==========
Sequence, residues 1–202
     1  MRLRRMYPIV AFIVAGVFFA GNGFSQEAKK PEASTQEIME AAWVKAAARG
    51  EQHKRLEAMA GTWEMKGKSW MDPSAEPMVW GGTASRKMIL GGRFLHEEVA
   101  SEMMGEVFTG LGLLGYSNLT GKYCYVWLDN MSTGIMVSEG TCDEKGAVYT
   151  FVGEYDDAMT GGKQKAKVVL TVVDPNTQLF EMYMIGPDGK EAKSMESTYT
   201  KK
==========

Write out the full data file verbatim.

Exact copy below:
Sequence, residues 1–202
     1  MRLRRMYPIV AFIVAGVFFA GNGFSQEAKK PEASTQEIME AAWVKAAARG
    51  EQHKRLEAMA GTWEMKGKSW MDPSAEPMVW GGTASRKMIL GGRFLHEEVA
   101  SEMMGEVFTG LGLLGYSNLT GKYCYVWLDN MSTGIMVSEG TCDEKGAVYT
   151  FVGEYDDAMT GGKQKAKVVL TVVDPNTQLF EMYMIGPDGK EAKSMESTYT
   201  KK